September 6, 2023
“Two woodcutters – Ben and Pat – were competing to cut down the most trees. Both started chopping, but after an hour, Pat stopped. Ben was puzzled but carried on chopping.
Five minutes later, he could again hear the swing of Pat’s axe. Another hour went by, and again Pat stopped for a few minutes. Confident he would win, Ben kept chopping away, pausing now and again to wipe the sweat from his brow.
Pat continued to take regular breaks while Ben became exhausted.
As the day drew to a close, Ben’s excitement was palpable, until they made their final tally. It was Pat who had managed to topple more trees.
“How is this possible!?” Ben inquired, perplexed. “I never once stopped chopping, while you seemed to take multiple breaks!”
Pat smiled as he divulged the secret behind his triumph, “Ah, my friend, during those brief intervals, I took the time to sharpen my axe.”
When it comes to health many of us fail to sharpen our axe. We prioritise the urgent over the important.
There are compelling evolutionary reasons for this phenomenon. What was urgent for our ancestors was often life-threatening, such as a sudden lack of food or water or an imminent attack. Our ancestors engaged in a game of survival, and as a result, our brains had evolved to ensure we could respond rapidly to changes in our environment.
Today, our brains still work in the same way, but our environment has undergone significant change. There are fewer physical threats, but we now face an abundance of urgent distraction. Yet, our brain chemistry reacts in a similar manner. Our ancestors responded to urgent threats to secure their long-term survival; we respond to ‘urgent’ phone and email notifications, trivial news, and superficial interactions on social media.
These distractions trigger the release of neuro-chemicals such as adrenaline and dopamine – a ‘feel-good’ brain chemical – pushing us towards more distraction and a restless mind. This preoccupation with distraction harms our long-term physical and mental well-being. Any parent who has tried to coax a teenager from their phone can relate.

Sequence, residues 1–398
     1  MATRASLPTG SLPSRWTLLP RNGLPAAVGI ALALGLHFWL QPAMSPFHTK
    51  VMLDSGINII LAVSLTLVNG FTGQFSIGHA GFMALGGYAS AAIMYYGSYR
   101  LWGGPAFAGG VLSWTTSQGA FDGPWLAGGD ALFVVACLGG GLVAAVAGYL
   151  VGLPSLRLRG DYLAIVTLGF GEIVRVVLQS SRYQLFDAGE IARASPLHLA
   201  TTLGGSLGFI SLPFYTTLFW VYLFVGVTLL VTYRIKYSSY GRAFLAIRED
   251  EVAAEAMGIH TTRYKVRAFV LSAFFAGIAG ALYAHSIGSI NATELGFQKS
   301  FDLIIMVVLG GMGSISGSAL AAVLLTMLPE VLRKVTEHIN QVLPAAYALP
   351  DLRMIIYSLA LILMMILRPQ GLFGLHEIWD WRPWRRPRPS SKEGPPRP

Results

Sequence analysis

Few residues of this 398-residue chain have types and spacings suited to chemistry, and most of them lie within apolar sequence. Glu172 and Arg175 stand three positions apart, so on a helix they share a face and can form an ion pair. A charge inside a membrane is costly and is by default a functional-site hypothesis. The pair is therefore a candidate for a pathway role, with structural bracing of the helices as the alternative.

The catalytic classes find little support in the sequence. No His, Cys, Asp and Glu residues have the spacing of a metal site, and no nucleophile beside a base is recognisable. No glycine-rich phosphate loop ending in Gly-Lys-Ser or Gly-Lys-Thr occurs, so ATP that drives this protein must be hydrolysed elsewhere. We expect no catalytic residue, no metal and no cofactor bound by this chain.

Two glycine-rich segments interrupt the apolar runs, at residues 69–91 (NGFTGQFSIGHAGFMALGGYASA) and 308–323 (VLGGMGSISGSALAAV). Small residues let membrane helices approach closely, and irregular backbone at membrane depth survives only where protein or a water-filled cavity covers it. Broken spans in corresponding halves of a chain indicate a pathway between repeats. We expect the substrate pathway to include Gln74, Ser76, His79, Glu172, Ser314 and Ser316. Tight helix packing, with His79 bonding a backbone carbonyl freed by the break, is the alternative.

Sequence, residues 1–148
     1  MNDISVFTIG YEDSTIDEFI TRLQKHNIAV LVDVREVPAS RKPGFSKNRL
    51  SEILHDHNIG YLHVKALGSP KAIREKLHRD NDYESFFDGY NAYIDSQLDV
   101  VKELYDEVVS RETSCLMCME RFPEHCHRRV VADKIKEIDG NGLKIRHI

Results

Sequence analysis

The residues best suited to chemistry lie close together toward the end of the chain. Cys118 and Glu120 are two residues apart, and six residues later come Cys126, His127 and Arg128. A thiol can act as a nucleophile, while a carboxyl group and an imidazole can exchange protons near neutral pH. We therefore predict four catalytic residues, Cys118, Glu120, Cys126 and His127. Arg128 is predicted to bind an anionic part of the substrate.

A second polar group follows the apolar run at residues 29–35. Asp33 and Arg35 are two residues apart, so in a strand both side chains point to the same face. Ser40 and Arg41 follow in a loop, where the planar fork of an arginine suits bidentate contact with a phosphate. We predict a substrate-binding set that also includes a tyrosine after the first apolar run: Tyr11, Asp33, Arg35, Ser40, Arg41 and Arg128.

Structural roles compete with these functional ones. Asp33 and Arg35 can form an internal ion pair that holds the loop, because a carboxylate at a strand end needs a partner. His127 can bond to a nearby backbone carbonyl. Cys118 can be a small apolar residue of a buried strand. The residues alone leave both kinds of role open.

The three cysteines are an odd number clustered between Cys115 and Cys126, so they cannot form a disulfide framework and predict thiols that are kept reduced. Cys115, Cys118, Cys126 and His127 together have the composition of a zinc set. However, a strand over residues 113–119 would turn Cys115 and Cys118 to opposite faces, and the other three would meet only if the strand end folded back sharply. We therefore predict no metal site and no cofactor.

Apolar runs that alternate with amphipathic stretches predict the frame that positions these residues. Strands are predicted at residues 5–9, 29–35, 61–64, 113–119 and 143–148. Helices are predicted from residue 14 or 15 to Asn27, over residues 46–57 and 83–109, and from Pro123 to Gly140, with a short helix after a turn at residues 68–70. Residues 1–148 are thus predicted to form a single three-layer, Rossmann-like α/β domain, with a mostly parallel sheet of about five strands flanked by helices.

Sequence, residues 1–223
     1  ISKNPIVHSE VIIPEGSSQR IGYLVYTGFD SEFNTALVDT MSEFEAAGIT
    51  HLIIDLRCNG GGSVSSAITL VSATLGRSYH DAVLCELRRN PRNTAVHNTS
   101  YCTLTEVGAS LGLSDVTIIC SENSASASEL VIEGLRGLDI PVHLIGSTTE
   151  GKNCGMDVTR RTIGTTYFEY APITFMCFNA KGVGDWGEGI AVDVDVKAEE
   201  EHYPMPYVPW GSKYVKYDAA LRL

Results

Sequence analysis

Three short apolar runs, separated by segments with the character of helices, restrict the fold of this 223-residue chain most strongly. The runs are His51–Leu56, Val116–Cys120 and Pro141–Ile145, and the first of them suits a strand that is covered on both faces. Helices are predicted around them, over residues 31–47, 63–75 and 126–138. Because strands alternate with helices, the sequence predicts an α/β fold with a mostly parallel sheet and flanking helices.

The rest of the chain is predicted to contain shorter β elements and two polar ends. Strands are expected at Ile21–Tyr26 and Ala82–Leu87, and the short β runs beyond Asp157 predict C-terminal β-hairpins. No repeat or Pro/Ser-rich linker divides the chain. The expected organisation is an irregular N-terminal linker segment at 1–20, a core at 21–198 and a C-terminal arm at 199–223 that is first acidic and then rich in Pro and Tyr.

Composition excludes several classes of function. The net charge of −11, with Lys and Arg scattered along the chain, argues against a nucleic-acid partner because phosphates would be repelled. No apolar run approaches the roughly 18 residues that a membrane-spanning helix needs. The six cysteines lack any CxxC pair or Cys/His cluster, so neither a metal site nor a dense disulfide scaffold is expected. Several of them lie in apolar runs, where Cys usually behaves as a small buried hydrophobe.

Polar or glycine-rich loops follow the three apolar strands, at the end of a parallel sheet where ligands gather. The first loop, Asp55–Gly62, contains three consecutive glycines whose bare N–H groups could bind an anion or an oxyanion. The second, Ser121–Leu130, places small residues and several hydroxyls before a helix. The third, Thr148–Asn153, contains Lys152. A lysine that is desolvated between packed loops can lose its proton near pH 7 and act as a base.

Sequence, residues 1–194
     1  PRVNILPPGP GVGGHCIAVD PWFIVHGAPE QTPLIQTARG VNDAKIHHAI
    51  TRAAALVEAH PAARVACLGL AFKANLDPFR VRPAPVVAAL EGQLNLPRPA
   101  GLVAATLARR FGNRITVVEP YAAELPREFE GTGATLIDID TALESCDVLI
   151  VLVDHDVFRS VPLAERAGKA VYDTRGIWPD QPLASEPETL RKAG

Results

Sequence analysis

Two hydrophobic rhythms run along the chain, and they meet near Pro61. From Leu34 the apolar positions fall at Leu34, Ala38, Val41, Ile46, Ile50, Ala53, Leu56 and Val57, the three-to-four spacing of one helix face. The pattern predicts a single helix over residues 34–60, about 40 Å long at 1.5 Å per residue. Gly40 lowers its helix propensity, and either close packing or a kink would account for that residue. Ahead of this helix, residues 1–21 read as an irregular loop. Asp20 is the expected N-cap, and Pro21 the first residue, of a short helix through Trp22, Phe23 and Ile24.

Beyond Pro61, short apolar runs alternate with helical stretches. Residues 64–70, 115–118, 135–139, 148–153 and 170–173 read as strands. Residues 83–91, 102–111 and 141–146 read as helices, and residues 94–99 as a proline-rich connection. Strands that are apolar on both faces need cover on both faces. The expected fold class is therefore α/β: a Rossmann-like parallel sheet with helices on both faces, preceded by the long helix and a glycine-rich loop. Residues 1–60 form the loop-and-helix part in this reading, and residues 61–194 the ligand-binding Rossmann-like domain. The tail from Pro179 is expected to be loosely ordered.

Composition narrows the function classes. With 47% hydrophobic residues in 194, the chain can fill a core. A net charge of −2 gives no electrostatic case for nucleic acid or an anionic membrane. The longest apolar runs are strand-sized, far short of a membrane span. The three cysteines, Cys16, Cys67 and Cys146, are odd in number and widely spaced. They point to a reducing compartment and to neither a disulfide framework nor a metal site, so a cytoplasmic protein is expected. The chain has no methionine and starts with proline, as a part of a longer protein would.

Why does it matter?
Our most important priorities, like health, relationships, and financial security, demand attention and nurturing. They represent the axe that needs sharpening. In relation to health, chronic conditions such as high blood pressure, type 2 diabetes, and sarcopenia (age related muscle loss) can be largely prevented when we prioritise our health.
Imagine asking your future self what they’d want you to be doing now. Would they advise you to continue scrolling, watching, procrastinating, and repeating lazy habits? Or would they urge you to read widely, spend more time with loved ones, pursue your hobbies, and take steps towards long-term health and well-being?
I suspect they’d encourage us to dedicate more time to the important things.
So how can we change?
The first step is to act purposefully and protect your time. While young, we possess abundant time, but as we age, we become time-poor. Being mindful of how we use our time becomes crucial.
Prioritising delayed gratification – placing importance over urgency – is a determining factor for long-term physical and mental health, successful relationships, and financial stability. One way to help is to improve your time management skills. This can be as simple as using a diary to block time for exercise (or rehab), scheduling regular catch-ups with friends, or protecting time to read without distraction.
The second step is recognising that ‘urgent’ tasks like emails will never cease. Embrace the idea of never truly finishing your to-do list or clearing your inbox. Instead, close the browser, put away your phone and spend more time on the important things.